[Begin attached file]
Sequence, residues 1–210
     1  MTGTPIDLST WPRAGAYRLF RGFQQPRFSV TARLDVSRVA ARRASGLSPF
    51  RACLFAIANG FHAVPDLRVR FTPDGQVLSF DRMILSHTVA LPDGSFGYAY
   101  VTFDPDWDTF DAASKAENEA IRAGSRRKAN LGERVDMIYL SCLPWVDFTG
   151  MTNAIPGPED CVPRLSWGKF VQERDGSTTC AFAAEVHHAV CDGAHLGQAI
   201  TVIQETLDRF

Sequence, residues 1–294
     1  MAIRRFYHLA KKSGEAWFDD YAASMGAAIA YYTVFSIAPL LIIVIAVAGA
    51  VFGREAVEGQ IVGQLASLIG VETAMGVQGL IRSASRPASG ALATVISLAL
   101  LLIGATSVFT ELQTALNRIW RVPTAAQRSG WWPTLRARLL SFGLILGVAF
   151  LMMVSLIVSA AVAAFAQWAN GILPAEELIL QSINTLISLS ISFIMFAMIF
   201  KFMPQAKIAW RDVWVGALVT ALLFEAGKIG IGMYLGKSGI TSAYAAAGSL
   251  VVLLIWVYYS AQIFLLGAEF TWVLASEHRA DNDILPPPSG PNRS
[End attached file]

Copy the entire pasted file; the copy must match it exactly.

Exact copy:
Sequence, residues 1–210
     1  MTGTPIDLST WPRAGAYRLF RGFQQPRFSV TARLDVSRVA ARRASGLSPF
    51  RACLFAIANG FHAVPDLRVR FTPDGQVLSF DRMILSHTVA LPDGSFGYAY
   101  VTFDPDWDTF DAASKAENEA IRAGSRRKAN LGERVDMIYL SCLPWVDFTG
   151  MTNAIPGPED CVPRLSWGKF VQERDGSTTC AFAAEVHHAV CDGAHLGQAI
   201  TVIQETLDRF

Sequence, residues 1–294
     1  MAIRRFYHLA KKSGEAWFDD YAASMGAAIA YYTVFSIAPL LIIVIAVAGA
    51  VFGREAVEGQ IVGQLASLIG VETAMGVQGL IRSASRPASG ALATVISLAL
   101  LLIGATSVFT ELQTALNRIW RVPTAAQRSG WWPTLRARLL SFGLILGVAF
   151  LMMVSLIVSA AVAAFAQWAN GILPAEELIL QSINTLISLS ISFIMFAMIF
   201  KFMPQAKIAW RDVWVGALVT ALLFEAGKIG IGMYLGKSGI TSAYAAAGSL
   251  VVLLIWVYYS AQIFLLGAEF TWVLASEHRA DNDILPPPSG PNRS